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Louisiana Must Pay $14 Million to Man Exonerated From Death Row

The U.S. Court of Appeals for the Fifth Circuit upheld a $14 million award to John Thompson, a former death row inmate in Louisiana who was exonerated after withheld evidence was revealed.  Thompson spent 18 years in prison, including 14 years in the solitary confinement of death row in Angola Prison.  He came within one month of being executed in 1999 when his attorneys discovered blood evidence that should have been turned over to the defense years ago.  The new evidence cleared Thompson of an armed robbery conviction, which in turn had influenced his trial for an unrelated murder.  At his re-trial on the capital murder charge, Thompson was acquitted in thirty-five minutes by a jury in 2003.  Thompson sued the District Attorney's Office of Orleans Parish in 2003 and won a jury verdict in 2007.  The jury also awarded $1 million for attorneys' fees.


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NEW VOICES: Mississippi Supreme Court Justice Says Death Penalty Unconstitutional

The Presiding Justice of the Mississippi Supreme Court, Oliver Diaz, dissented in a recent capital case, Doss v. Mississippi, stating he had come to the conclusion that the death penalty is unconstitutional:

[A]ll that remains to justify our system of capital punishment is the quest for revenge, and I cannot find, as a matter of law, that the thirst for vengeance is a legitimate state interest.  Even if it is, capital punishment’s benefit over life imprisonment in society’s quest for revenge is so minimal that it cannot possibly justify the burden that it imposes in outright heinousness. The death penalty is, therefore, reduced to “the pointless and needless extinction of life with only marginal contributions to any discernible social or public purposes. A penalty with such negligible returns to the State [is] patently excessive and cruel and unusual punishment violative of the Eighth Amendment.” (quoting Justice White in Furman v. Georgia).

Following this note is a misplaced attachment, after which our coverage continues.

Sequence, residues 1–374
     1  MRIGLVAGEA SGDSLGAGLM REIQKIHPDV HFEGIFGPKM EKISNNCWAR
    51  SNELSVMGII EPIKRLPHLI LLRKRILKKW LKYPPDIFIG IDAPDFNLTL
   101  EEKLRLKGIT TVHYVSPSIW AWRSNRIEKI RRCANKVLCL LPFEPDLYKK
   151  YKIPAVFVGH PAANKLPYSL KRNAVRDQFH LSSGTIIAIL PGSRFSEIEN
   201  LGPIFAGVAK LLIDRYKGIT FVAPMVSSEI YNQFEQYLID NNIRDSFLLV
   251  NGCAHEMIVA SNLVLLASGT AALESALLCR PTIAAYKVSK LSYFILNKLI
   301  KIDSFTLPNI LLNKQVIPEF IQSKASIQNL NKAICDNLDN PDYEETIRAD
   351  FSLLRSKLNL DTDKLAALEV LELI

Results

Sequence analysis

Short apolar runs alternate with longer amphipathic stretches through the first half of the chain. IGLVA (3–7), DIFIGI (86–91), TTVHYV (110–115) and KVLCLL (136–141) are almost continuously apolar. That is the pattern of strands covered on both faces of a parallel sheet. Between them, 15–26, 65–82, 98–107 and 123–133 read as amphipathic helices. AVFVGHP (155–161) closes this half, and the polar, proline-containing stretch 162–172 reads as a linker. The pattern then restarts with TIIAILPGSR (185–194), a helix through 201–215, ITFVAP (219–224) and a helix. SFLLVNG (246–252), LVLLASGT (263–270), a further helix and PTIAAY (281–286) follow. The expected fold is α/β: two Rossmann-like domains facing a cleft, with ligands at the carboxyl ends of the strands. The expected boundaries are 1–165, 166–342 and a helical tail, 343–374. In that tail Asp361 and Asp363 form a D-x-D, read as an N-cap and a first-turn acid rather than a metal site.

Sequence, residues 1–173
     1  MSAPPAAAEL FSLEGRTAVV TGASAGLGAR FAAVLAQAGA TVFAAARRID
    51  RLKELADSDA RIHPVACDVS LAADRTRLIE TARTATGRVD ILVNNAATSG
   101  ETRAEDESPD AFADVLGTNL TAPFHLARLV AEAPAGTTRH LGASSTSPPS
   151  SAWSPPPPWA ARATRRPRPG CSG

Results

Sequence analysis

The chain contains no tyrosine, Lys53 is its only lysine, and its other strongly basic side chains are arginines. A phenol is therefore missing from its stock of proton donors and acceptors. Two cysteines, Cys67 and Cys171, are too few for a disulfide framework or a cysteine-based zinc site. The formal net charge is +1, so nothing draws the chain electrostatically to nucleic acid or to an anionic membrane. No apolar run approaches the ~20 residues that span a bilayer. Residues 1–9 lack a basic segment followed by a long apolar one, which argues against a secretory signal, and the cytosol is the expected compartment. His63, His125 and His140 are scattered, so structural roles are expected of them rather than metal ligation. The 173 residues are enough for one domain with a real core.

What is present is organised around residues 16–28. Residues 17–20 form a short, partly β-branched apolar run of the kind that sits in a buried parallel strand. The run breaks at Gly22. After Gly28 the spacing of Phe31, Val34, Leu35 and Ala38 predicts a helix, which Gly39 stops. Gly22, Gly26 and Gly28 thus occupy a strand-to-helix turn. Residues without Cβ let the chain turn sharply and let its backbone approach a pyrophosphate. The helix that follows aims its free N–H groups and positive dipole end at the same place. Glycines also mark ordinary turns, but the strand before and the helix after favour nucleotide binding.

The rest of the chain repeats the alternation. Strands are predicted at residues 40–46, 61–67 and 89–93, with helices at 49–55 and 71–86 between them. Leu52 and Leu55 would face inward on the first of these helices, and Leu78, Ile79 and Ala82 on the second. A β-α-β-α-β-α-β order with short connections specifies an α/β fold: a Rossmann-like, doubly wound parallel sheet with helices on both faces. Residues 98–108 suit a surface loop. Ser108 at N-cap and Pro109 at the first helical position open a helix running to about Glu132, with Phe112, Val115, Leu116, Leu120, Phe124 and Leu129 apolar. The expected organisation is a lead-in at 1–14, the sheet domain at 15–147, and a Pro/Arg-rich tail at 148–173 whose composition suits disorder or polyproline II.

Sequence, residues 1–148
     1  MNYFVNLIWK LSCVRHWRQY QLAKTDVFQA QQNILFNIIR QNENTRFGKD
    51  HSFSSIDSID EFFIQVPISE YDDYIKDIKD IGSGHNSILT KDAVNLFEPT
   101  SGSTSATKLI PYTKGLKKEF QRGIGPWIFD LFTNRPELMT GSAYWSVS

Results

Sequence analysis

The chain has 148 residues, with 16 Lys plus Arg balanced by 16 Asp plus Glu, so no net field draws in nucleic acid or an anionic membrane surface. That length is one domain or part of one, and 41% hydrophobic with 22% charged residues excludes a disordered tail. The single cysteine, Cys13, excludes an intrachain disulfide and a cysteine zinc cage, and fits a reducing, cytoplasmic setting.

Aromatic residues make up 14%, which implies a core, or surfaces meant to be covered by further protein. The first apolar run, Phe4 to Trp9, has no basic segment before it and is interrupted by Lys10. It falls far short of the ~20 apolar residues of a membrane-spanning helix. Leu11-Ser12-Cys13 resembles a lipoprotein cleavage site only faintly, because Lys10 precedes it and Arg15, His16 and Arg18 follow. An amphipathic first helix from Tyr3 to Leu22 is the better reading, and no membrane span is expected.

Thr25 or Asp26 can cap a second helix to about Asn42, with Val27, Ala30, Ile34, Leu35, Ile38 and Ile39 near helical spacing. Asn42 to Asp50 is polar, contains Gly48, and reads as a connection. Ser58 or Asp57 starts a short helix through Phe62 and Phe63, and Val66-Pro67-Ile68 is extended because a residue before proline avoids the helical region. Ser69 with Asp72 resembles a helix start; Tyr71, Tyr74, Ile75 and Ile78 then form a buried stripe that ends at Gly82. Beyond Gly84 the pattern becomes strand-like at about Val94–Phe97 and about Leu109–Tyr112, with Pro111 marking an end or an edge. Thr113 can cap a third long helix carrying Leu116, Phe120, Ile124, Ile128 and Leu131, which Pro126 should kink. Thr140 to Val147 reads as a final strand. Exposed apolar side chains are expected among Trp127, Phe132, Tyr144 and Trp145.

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Expensive Death Penalty Prosecution of Infamous Murderer Results in Life-Without-Parole Sentence in Georgia

Brian Nichols was sentenced to life in prison without parole in Georgia on December 13 after the jury could not reach a unanimous verdict of death.  Nichols had been found guilty of killing a judge, a court reporter, a police deputy, and a U.S. Customs agent during his escape from a courthouse hearing on other charges.  The jury remained deadlocked in a 9-3 vote after four days of deliberations. A unanimous vote is required for a death sentence, just as it is for a guilty verdict.  The jury did find the existence of 11 aggravating factors against Nichols.


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Federal Appeals Court Considers Sufficiency of Evidence in Troy Davis Case

A three-judge panel of the US Court of Appeals for the 11th Circuit in Atlanta heard arguments in the Troy Davis case on December 9.  The judges weighed whether Davis' new evidence was sufficient to merit a more extensive hearing and perhaps a new trial.  One of the judges, Rosemary Barkett, said she would like to see the innocence claims fleshed out in a further hearing.

Judge Barkett expressed her frustration with the fact that none of the eyewitnesses were shown another primary suspect’s photo or presented with a lineup with him in it.  Barkett also speculated that Savannah police faced so much pressure to quickly solve the high profile murder that they did not focus enough on the other primary suspect.  While acknowledging the possibility of executing an innocent person, Barkett added, “It’s also possible the real guilty person who shot [the victim] Officer MacPhail is not being prosecuted.”